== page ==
Not really enterprise IT but somebody might find this useful (including me in a few months if it breaks and I’ve forgotten what I did!)
So you have a QNAP TS series NAS (I have a TS239 Pro II + and very good it is too). You also have an Android phone. You think that it’d be pretty handy to be able to move stuff between the two, and would like to use a secured protocol.
If your NAS is not behind a NAT gateway then it’s easy. If it is then it’s still fairly easy, except that whilst the UPnP stuff on the NAS opens most of the ports you need, it does not open the passive FTP port range. So you need to go to your NAT gateway (possibly your modem/router) and manually add an entry for the range of ports and point them to the IP address of your NAS. If UPnP doesn’t work you also need to forward ports 21 and 22 to the NAS.
I have a Netgear cable modem/router from Virgin Media, and the place to go for the NAT table is Port Forwarding under Advanced. Up until this point you might have quite happily had your NAS running with a DHCP address with no problems (it can become a Master Browser so you can find/map drives to it by name on your home network), and UPnP has been taking care of the NAT port mappings automatically. All is not necessarily lost: the DHCP server (probably built into your router) might have the ability to use address reservations, this means that it will always hand out the same IP address to a device with a specific MAC address (i.e. network card unique identification number). On my Netgear router the stuff to do with DHCP is in the LAN IP section under Advanced.
So on the QNAP NAS I went into Network Services, FTP Service, and unticked FTP and ticked “FTP with SSL/TLS (Explicit)”. Port is left at 21 (default). I’m using the default Passive FTP port range of 55536 – 56559 and I have ticked the “Respond with external IP address for passive FTP connection request” but left the External IP Address box empty. This last step is important as otherwise your FTP client is told to connect to the internal IP address of the NAS rather than the external address of the NAT device (router). If you don’t tick it everything will work fine whilst you’re at home on your WiFi connection, but if you go elsewhere or switch to 3G (etc.) it’ll fail. Finally, within MyCloudNAS Service, Auto Router Configuration, I have ticked “FTP/FTPS with SSL/TLS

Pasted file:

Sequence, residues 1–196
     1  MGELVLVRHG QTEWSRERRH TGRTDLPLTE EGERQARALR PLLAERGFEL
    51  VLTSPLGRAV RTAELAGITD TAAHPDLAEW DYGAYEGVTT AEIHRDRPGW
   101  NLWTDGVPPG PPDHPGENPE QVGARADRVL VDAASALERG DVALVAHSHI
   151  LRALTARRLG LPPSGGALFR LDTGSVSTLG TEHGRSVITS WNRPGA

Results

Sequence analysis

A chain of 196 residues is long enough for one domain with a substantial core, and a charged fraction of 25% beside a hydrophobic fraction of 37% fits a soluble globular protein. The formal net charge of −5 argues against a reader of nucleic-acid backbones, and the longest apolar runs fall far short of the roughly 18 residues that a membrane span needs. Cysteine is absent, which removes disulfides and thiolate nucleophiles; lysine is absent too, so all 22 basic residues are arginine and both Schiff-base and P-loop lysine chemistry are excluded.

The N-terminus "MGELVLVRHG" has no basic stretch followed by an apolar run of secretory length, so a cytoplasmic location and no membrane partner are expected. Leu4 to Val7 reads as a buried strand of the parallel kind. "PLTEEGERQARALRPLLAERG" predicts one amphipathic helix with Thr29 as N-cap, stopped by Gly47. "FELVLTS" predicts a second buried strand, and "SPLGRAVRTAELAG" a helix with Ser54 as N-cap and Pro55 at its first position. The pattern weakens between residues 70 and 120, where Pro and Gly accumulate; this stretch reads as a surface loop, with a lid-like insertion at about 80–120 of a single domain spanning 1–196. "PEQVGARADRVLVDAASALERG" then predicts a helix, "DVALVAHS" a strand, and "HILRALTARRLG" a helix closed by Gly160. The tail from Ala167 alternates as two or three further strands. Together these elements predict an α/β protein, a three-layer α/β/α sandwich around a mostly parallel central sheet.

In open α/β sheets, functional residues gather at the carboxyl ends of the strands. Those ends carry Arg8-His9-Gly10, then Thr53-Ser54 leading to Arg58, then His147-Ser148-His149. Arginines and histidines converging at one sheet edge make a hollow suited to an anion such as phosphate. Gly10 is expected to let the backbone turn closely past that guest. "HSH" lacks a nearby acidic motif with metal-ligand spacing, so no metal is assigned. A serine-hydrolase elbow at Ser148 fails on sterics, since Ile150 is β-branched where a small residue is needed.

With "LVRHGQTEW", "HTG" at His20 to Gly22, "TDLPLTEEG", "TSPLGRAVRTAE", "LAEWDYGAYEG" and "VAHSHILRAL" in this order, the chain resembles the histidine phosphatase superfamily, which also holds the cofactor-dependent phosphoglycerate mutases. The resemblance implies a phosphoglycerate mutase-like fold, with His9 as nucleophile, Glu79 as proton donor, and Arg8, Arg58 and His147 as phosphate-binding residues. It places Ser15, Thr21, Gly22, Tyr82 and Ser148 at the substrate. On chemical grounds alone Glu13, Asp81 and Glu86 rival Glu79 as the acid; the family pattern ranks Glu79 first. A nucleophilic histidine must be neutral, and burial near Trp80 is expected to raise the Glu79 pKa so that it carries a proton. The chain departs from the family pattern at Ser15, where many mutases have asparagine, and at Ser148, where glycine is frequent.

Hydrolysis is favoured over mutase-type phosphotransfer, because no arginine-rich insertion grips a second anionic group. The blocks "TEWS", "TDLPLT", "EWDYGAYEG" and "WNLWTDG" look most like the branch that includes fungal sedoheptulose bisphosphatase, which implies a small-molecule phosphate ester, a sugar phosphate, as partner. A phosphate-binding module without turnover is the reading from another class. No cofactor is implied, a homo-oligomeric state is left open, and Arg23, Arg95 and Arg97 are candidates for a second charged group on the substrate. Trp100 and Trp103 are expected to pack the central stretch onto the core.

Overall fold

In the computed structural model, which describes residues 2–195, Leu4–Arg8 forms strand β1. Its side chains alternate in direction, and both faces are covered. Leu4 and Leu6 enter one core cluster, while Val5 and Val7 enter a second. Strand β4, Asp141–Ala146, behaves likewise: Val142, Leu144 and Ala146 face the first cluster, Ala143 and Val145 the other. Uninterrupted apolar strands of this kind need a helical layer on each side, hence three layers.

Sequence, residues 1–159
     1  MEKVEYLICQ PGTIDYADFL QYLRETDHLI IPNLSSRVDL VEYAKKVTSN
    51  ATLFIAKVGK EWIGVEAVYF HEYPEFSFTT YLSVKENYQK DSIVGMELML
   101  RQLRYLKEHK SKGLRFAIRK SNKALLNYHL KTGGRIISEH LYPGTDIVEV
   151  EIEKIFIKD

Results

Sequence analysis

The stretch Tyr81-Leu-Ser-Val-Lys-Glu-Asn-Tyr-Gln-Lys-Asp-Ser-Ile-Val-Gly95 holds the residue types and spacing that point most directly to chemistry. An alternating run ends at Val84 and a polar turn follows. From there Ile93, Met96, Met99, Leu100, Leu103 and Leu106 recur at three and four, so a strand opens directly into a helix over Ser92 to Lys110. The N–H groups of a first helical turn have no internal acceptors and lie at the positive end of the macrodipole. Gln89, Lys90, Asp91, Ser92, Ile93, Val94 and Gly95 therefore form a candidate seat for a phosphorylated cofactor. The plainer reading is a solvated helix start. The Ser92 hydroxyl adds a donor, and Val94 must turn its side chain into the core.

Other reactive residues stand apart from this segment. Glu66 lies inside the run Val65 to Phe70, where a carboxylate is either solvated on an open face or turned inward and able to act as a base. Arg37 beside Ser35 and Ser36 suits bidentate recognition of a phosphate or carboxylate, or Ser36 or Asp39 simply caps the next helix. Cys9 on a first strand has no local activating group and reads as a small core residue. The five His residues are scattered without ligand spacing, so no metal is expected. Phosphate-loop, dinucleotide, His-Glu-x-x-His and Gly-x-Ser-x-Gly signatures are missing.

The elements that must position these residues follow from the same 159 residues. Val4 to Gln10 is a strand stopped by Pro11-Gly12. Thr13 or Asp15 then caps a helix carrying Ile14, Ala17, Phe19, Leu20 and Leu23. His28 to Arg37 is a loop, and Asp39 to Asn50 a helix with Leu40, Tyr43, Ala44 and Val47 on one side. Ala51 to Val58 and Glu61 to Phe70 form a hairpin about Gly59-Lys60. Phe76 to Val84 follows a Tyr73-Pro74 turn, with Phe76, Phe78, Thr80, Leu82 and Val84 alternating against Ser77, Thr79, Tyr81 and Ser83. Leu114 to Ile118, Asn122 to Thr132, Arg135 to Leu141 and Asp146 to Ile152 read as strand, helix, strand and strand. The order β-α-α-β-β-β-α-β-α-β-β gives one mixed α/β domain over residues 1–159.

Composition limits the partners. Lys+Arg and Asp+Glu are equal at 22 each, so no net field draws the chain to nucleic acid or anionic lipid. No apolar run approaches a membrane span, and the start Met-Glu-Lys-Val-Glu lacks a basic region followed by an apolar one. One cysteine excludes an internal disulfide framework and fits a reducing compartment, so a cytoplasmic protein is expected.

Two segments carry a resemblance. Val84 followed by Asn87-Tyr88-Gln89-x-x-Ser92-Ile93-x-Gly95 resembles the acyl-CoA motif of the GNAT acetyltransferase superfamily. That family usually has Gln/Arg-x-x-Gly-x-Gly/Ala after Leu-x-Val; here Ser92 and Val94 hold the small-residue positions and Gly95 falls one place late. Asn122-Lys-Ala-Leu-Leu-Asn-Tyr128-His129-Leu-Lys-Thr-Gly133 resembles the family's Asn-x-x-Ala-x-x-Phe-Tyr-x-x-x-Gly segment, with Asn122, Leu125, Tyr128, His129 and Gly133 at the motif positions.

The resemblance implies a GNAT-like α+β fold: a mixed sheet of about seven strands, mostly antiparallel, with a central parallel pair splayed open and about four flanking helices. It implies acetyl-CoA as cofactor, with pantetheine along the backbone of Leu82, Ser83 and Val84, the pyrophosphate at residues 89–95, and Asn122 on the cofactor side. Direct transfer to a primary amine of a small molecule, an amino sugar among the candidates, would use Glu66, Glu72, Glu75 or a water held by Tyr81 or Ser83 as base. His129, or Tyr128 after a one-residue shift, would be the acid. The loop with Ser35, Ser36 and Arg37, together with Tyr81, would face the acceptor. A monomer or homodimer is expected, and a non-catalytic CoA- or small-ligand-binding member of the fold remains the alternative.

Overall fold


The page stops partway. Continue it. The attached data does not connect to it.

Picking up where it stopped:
Server” which sorts out the UPnP. Oh, and I’m obviously using MyCloudNAS for dynamic DNS so I can find the NAS over the internet if/when the IP address of the cable modem/router changes.
So on to AndFTP on the Android phone. Important settings are as follows:
Type: FTPS (Explicit FTP over TLS/SSL)
On the Advanced tab: Mode: Passive
Back on the General tab, I have ticked “Enable resume support” because I thought it seemed like a good idea, what with a phone being portable and thus likely to have its network connection drop out mid transfer. I’ve yet to test if it actually does anything useful though.
And then you click Connect, and it does, and gives you a list of the files/folder on your NAS and you’re happy.
Think that’s all I had to do, the important bits really are the NAT entries for the high ports and making sure the NAS FTP server responds with the external IP address. If you can’t get it working I might have left something out – let me know and we can compare configurations!